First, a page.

It is conventional wisdom in Washington that the Republican addiction to tax cuts is mainly responsible for the huge budget deficits. This is, at best, a half-truth. Democrats are equally responsible, because they refuse to come to grips with the massive spending on retirement and health care. Expanding Social Security is mostly a political bribe that comes at the expense of other programs and workers, who must pay the resulting taxes.


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Old 02-11-2019, 11:39 AM
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https://www.forbes.com/sites/jamieho.../#634cfa9e79ad

Quote:
New Proposal To Update Social Security Fails To Address One Of The Biggest Issues

Spoiler:
In what amounted to a slight surprise in Congress because of the ongoing political divide, a remarkable piece of legislation – The Social Security 2100 Act – was introduced by Representative John Larson (D-CT). The act is aimed at solving one of the biggest issues facing the government and Americans: the funding shortage for Social Security. The bill was introduced with more than 200 cosponsors and appears to have a good deal of broad support. The bill does a lot right, but also misses one of the biggest issues around Social Security today – ill-informed decision making.

Why The Bill Is Important
The pending Social Security funding shortfall has mostly been put to the side in recent years. Social Security remains the bedrock of American retirement, with roughly one-third of all retirees relying on Social Security as their only real source of retirement income and roughly 60 percent of Americans relying on Social Security for more than 50 percent of their retirement income.

Furthermore, it’s the government’s single largest expenditure and over 90 percent of the workforce pays into the system. A shortfall is expected around year 2034, making the funding issue harder to fix with every year Congress doesn’t act. But then again, when have we known the government to fix an issue a decade or more ahead of when it breaks?


What The Bill Does Right
The new legislation would do a number of things:

Change benefits
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It would increase benefits for those who have paid into the system almost across the board. Overall, the benefit increase would be around 2 percent of the average benefit. Lower wage earners would see the biggest increase in benefits. The minimum benefit would be set at 25 percent above the poverty line, ensuring a safety net for workers in retirement and continuing the initial purpose of Social Security – to provide a floor of income for keeping retired lower-end earners out of poverty.

Update cost-of-living adjustments
Additionally, the cost-of-living adjustments would be updated to ensure the system tracks retirees’ spending needs. Currently the system relies on the CPI-W, which tracks worker spending. The act would adopt the CPI-E, which would better reflect the spending habits of seniors. The taxation of Social Security benefits would be updated, reducing a tax burden on many in retirement.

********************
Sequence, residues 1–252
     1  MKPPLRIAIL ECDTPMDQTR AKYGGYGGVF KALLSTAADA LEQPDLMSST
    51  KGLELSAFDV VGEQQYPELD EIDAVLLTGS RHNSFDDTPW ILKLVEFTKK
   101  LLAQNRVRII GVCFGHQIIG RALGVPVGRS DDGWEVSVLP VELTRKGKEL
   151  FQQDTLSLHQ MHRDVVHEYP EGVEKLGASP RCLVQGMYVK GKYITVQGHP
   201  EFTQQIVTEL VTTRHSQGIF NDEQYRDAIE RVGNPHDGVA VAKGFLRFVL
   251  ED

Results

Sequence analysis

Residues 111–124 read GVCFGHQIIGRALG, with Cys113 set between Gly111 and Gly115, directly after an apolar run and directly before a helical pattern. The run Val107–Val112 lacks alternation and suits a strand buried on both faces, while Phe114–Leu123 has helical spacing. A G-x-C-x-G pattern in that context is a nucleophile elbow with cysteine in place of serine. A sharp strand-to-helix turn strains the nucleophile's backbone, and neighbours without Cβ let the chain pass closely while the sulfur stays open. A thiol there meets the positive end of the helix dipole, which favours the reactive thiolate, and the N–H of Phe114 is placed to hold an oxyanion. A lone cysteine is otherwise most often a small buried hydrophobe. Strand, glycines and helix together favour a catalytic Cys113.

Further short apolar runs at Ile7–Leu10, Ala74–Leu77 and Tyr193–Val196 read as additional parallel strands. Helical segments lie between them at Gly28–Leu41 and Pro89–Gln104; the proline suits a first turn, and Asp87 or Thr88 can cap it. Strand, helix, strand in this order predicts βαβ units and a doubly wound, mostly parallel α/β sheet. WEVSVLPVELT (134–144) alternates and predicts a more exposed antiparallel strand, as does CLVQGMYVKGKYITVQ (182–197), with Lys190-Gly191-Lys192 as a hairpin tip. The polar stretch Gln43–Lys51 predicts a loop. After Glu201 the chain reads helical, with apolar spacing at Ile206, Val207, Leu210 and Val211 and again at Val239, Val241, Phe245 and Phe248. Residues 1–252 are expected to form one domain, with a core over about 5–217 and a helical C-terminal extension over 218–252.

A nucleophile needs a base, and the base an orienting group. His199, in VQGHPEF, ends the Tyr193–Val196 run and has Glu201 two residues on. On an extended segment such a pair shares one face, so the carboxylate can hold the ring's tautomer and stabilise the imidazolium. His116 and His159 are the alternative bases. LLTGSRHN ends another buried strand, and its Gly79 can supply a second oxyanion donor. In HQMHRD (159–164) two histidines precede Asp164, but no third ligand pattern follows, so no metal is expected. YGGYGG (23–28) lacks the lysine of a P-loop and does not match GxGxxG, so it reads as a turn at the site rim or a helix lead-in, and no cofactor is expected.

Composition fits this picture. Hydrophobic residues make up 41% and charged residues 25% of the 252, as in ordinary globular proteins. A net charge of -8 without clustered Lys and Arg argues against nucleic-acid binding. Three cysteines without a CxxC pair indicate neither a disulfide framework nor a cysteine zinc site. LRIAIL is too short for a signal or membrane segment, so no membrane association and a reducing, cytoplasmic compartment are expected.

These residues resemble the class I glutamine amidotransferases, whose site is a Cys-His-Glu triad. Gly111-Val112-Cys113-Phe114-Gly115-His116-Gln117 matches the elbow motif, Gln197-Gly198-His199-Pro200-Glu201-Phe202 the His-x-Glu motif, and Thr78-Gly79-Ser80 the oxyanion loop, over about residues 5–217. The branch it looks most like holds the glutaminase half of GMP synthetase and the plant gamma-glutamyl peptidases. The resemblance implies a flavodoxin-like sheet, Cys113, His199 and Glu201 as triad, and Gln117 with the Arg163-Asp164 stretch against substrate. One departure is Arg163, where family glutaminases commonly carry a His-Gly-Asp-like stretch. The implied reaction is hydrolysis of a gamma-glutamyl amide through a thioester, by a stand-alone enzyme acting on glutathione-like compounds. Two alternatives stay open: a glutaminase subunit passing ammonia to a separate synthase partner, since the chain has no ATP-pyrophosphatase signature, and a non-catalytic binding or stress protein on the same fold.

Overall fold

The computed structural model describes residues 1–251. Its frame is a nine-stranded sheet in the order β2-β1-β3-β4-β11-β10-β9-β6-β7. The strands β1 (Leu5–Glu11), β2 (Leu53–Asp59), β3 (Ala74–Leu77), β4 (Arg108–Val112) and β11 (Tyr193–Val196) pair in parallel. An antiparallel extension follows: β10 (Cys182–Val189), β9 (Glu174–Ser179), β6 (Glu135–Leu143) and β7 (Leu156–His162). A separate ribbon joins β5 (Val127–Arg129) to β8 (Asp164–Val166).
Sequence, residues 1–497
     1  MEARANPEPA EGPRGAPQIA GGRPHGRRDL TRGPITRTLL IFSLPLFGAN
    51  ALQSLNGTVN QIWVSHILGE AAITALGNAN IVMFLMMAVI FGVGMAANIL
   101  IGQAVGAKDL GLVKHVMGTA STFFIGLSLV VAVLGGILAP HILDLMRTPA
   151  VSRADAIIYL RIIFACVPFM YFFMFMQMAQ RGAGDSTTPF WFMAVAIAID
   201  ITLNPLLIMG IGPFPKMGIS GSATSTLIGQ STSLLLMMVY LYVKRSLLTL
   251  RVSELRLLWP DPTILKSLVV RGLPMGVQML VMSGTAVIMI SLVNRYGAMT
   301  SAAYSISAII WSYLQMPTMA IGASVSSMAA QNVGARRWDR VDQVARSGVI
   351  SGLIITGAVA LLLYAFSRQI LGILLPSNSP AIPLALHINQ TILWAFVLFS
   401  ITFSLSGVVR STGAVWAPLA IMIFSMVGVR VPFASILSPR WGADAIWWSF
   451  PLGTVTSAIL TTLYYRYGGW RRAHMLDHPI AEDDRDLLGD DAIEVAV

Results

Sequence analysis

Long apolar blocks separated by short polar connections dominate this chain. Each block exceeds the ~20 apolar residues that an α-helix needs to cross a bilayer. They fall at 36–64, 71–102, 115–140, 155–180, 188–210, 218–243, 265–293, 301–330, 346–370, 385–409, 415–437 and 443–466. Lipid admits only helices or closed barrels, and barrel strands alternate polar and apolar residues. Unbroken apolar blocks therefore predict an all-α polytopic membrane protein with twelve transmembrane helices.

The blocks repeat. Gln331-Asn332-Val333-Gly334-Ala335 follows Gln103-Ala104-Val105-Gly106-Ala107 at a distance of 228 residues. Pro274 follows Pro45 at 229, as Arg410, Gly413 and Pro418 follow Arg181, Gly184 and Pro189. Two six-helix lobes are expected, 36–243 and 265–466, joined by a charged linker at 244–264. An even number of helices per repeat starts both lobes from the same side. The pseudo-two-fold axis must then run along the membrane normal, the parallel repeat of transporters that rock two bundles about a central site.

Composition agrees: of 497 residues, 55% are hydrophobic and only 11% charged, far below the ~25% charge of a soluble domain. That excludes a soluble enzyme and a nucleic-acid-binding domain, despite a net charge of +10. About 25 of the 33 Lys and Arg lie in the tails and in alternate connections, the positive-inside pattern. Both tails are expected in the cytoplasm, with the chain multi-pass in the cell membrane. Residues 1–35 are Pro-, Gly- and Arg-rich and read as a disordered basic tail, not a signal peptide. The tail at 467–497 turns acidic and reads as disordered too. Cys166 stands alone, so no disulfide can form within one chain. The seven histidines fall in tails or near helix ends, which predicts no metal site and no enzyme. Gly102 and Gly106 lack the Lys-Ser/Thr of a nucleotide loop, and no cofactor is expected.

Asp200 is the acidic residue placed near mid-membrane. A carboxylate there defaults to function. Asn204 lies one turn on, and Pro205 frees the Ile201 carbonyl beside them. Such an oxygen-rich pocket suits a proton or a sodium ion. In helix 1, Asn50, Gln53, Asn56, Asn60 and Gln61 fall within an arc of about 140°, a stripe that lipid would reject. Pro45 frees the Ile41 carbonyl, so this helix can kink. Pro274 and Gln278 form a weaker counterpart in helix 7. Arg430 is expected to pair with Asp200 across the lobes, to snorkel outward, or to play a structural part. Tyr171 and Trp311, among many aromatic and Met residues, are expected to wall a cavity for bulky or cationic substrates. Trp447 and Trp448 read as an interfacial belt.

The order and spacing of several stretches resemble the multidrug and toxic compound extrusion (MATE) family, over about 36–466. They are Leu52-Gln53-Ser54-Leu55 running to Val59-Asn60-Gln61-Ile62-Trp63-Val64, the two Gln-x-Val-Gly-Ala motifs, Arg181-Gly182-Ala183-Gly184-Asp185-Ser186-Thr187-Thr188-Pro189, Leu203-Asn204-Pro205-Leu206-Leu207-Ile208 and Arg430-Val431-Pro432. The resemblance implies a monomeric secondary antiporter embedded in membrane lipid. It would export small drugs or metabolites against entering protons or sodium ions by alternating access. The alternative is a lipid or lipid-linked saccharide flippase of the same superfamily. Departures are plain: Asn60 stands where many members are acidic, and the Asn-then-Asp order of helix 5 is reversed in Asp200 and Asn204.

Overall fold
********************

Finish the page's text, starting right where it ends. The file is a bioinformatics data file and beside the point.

Fix funding issues
Lastly, and most importantly, the bill would fix the funding issues. The system is called Social Security – the key word being Security. Social Security benefits create a floor of income for those who pay into the system that lasts for life. This should bring a sense of security to the recipients, knowing they have a steady, inflation-adjusted and lifetime income source in retirement.

The new means for funding the Social Security system would be to tax high income earners on wages over $400,000. The tax would only impact the top 0.4 percent of wage earners but would bring in significant revenue. Currently, Social Security taxes stop at roughly wages of $132,900. The new system would essentially start the tax back up again at $400,000. It is not entirely clear if this provision – crucial to the bill’s success – will garner support on both sides of the political aisle.

What The Bill Is Still Missing
The biggest issue the Social Security 2100 act doesn’t address is claiming decisions. Far too many Americans claim Social Security benefits before their full retirement age, causing a huge and permanent reduction in their benefits and lower retirement security. In some cases, claiming benefits early results in incentives so it is crucial to be informed.

The government should do more to encourage people to stay in the workforce longer and defer Social Security benefits out further. One option would be to delay the earliest you can claim benefits, which is currently set at age 62.

Another option would be to have required counseling before someone claims benefits. This is similar to what is done with the reverse mortgage HECM program and other types of government loans. While staffing such an endeavor could be challenging, modernizing the technology and systems of Social Security in a bill aimed at fixing the system to 2100 would make sense. The education or counseling could be set up as a computer software program or other form.